• FIG. 4 shows card 400, which may be a powered card and may include, for example, board 402, board 404, dynamic magnetic communications device 406, RFID chip 418, board 408, battery 414, conductive leads 420-426 and RFID antenna 416. Additional circuitry may be provided on board 402, which may include, for example, processor 430, an EMV chip, a display, a display driver, driver circuitry for dynamic magnetic stripe communications device 406, light emitting diodes, light sensors, infrared sensors and transmitters, capacitive sensing contacts, and a user interface (e.g., one or more buttons).
  • All boards, circuitry, and other components of card 400 may be laminated to form card assembly 410. Such a lamination may, for example, be implemented using a series of lamination process steps, such that an electronics package containing boards 402, 404, and/or 408 and associated electronics may be encapsulated by an injection molding process (e.g., a reaction injection molding process), whereby a silicon-based material or a polyurethane-based material may be injected and cured (e.g., using temperature and/or chemical reaction) to form the electronics package. The electronics package may then be sandwiched between layers of laminate (e.g., layers of polymer laminate). Accordingly, for example, both surfaces of card assembly 410 may be formed by a layer of laminate such that no electrical contacts exist on either surface of card assembly 410. Alternately, for example, a surface of card assembly 410 may be formed by a layer of laminate such that electrical contacts may exist on a surface of card assembly 410 to provide connectivity from a surface of card assembly 410 to a processor (e.g., an EMV chip) of card 400.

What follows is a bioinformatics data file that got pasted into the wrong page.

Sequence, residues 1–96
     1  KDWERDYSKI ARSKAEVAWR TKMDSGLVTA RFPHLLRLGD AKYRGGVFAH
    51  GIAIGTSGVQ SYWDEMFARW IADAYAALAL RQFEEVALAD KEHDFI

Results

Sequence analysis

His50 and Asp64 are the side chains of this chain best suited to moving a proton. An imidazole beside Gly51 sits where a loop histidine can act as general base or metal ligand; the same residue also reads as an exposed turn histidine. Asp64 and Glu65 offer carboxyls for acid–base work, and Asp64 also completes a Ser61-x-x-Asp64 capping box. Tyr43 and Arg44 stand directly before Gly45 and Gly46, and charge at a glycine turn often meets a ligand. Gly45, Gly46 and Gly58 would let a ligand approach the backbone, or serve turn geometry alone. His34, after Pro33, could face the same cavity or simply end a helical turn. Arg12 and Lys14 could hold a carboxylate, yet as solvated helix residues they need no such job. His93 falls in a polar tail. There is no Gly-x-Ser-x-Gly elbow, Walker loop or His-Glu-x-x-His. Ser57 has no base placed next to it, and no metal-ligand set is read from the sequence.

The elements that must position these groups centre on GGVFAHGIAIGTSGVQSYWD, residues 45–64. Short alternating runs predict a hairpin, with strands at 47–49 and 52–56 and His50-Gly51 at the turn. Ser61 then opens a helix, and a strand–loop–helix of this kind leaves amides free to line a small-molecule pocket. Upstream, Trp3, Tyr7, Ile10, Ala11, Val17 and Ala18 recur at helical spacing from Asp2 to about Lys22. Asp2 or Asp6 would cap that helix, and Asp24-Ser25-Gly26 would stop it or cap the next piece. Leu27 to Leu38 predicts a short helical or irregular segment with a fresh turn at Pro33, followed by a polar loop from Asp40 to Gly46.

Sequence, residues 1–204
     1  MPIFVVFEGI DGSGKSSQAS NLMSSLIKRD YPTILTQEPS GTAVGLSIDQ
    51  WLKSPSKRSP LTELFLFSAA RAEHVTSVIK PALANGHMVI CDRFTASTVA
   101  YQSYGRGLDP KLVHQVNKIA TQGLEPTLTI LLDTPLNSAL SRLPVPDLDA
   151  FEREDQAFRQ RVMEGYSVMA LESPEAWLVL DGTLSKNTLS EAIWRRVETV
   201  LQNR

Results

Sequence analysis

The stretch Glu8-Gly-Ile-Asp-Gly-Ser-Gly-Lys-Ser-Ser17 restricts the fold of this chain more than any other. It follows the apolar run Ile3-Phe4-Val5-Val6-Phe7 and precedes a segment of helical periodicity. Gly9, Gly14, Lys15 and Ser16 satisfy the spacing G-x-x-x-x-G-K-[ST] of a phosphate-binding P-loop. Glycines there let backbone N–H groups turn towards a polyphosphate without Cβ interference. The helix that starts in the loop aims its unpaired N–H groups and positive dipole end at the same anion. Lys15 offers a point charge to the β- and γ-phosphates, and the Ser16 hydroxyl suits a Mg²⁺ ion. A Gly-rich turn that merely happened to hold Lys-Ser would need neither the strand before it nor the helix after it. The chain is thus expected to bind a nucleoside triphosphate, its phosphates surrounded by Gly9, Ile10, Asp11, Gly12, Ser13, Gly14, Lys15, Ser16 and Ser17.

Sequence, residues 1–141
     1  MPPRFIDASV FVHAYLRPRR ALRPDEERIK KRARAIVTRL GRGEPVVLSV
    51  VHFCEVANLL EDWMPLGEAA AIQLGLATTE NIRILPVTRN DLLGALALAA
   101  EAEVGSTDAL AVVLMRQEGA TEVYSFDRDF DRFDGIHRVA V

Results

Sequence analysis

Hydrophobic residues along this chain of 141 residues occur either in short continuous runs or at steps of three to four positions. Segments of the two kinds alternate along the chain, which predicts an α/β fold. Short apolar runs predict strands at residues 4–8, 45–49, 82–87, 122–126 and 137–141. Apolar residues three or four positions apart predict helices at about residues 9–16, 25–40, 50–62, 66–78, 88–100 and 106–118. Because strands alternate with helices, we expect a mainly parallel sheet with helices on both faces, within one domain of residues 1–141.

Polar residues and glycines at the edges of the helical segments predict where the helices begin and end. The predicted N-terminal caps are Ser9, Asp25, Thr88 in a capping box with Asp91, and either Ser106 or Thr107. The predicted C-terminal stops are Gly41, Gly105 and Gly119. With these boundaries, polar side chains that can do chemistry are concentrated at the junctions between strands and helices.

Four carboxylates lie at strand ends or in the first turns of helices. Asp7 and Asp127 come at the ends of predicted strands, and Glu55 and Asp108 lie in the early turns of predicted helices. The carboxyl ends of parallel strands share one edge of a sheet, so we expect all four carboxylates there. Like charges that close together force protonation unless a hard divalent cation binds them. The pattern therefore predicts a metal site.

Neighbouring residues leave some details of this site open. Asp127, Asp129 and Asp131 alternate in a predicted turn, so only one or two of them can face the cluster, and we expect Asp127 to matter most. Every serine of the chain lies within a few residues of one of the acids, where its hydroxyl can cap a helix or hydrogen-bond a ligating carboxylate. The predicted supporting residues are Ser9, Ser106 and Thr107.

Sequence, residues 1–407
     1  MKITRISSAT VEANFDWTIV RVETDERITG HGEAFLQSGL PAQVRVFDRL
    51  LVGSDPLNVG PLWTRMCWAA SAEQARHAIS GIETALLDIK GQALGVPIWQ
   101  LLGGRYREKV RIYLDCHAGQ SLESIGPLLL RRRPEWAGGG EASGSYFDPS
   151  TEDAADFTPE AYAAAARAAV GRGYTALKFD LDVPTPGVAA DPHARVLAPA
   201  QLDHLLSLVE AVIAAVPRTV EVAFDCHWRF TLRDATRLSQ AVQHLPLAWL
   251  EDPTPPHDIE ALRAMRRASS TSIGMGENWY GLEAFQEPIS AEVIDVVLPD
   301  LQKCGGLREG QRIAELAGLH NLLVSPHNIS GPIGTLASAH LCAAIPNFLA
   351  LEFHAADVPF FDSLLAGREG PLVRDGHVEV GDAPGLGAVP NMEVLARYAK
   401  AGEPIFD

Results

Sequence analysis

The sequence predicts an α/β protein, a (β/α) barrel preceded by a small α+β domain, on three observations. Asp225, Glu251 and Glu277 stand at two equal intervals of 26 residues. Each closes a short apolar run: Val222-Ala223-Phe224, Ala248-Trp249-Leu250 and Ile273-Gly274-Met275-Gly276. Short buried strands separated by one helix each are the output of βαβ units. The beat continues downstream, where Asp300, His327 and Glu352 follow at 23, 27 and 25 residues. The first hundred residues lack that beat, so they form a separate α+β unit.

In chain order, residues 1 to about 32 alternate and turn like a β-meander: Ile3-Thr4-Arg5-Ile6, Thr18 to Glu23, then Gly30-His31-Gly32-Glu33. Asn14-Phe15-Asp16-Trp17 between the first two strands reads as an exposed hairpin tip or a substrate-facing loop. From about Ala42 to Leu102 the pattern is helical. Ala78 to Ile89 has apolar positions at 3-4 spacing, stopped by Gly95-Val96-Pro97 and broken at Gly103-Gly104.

• RFID antenna 416 may, for example, be formed using an additive technique, whereby patterns of a conductive element (e.g., copper) may be applied to a PCB substrate (e.g., applied to either side of board 408) according to a patterning mask definition layer. RFID antenna 416 may, for example, be formed using a subtractive technique whereby patterns of a conductive element (e.g., copper) may be removed from a pre-plated PCB substrate (e.g., removed from either side of board 408) according to an etching mask definition layer. Other non-PCB fabrication techniques may be used to implement RFID antenna 416 as may be required by a particular application.